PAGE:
An important part of creating and maintaining a Model United Nations team is establishing a positive team atmosphere. The group of students you get will be working closely together throughout the year. You want to establish a good team ethic early in the process. Here are a list of some fun MUN games and activities that you can use to to break the ice during the earlier practices or to provide fun game, to contrast the conventional Model UN simulations, throughout the program. They following Model United Nations games are rated in difficulty level and appropriateness for the skill level you have built your group up to.
Level: Easy Beginning Activity
Resources Needed: 3 or more atlases, all the same version
Time Needed: 15 minutes
Most students are so used to having their technology look everything up for them that they have never used an atlas, and they certainly do not know how to use longitude and latitude. While this game is not specific to the UN, it will help get students looking at the world as a whole and have them work together to do so.
To play, you need to go through the atlas beforehand and make at least ten questions. The questions can be obscure facts that you find throughout the atlas. The point is for the students to learn to use the whole book: table of contents, the index, the content pages. Here are some sample questions:
The questions you make can be from anywhere in the atlas. Make about 10 questions for each Atlas Challenge. Separate the students into groups of about four. I would suggest each teacher pick the groups to avoid the stronger students sticking together.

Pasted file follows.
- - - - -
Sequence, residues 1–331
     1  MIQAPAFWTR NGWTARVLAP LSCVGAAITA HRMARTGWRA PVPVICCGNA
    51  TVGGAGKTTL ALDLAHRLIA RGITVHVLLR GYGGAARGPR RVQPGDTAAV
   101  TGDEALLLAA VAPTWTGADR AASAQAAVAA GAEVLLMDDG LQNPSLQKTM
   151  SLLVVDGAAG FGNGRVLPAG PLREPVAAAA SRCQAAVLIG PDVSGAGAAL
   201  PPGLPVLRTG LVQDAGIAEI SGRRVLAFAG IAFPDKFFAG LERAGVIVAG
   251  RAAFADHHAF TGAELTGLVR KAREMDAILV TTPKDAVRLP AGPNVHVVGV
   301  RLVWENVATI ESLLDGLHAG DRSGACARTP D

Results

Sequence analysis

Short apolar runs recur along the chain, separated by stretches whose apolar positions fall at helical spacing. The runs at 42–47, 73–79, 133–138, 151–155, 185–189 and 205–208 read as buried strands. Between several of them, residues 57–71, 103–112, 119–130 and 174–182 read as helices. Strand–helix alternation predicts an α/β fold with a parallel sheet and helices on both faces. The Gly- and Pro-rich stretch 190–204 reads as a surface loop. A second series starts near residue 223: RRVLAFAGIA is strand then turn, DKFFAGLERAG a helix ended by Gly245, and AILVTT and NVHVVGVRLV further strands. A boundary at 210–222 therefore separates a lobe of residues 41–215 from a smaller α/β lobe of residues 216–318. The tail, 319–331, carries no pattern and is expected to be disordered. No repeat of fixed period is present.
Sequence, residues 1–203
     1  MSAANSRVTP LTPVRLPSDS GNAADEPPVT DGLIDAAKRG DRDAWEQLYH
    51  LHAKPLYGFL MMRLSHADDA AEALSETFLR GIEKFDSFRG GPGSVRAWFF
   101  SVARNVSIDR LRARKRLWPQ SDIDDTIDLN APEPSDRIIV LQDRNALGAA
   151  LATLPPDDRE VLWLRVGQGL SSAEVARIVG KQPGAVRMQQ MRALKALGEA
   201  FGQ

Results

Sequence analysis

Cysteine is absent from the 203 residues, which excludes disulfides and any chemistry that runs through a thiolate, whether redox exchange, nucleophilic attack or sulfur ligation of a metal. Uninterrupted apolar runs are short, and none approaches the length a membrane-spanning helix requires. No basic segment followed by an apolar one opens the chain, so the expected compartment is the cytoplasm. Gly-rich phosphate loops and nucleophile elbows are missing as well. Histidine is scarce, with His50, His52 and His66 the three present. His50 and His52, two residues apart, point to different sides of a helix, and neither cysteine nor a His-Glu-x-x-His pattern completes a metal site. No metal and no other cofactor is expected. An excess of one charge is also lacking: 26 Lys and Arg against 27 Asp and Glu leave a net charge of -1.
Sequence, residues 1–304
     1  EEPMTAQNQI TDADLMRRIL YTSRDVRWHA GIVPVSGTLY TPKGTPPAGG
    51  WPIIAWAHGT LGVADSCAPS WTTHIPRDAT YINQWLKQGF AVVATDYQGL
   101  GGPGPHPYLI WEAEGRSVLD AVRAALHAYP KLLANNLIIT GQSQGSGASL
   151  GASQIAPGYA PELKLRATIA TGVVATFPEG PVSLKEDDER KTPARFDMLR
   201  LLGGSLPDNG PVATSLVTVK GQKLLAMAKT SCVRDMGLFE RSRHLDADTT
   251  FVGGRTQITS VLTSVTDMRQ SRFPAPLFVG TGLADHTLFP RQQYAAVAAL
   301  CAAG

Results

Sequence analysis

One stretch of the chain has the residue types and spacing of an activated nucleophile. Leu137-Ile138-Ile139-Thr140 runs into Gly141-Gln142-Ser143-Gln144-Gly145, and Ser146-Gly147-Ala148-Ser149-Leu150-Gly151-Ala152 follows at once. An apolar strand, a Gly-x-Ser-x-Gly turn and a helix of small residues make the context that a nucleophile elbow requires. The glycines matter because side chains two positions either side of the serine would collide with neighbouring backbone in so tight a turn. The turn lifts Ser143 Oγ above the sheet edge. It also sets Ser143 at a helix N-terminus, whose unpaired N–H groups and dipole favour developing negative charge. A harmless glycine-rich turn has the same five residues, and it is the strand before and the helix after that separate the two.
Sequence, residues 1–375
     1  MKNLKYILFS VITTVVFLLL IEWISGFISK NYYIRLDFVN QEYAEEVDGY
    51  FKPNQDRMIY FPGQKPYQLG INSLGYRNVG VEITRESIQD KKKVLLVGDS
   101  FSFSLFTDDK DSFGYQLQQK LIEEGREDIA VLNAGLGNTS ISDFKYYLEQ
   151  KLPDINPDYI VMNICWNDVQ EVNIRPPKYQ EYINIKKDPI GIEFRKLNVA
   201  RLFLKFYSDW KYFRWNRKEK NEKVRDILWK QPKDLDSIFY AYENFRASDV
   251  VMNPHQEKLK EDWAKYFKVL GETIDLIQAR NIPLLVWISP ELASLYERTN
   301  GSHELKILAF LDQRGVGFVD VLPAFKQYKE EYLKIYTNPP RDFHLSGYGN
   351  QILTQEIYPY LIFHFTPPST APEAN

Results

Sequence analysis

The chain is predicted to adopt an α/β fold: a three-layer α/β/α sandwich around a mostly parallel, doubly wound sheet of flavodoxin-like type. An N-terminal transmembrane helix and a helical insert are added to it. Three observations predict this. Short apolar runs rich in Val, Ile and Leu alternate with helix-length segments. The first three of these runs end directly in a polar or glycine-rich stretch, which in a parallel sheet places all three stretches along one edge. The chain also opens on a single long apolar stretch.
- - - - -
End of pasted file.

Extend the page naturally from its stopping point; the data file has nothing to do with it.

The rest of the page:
The fun part of this game is the time factor. Give them no more than twelve to fifteen minutes to complete the challenge. Most won’t finish, but the team to get the most correct wins.
This game is so simple yet brings immediate cohesion to a group. You can play this game periodically throughout the year and it does not take long to do.
Level: Difficult, play when nearing conference
Resources Needed: Access to the UN’s resolution page
Time Needed: One hour
As can be seen in our How to Write a Resolution article, writing a resolution is an essential Model UN skill. It can also be an art. To write well students need hands on experience with them. During the conference, the delegations that come up with quality, and relevant, resolutions the fastest usually lead the way and win the awards.
This activity is designed to challenge your students to write quality resolutions. Go to the website linked above and find a few resolutions to use. Try to pick an issue that is well known. Make sure the resolution you choose has actionable items and doesn’t simply declare the continuation of a policy detailed in a different resolution. Some good examples are resolutions about climate change, terrorism, refugees, and trade disputes.
Go over the issue with the class, but not the actual resolution. A good review of the issue can usually be found in qualitative news sites like The Atlantic, and The Economist. Separate the students into groups of four or five. Have them write out the perambulatory and operative parts of their own resolution to the problem.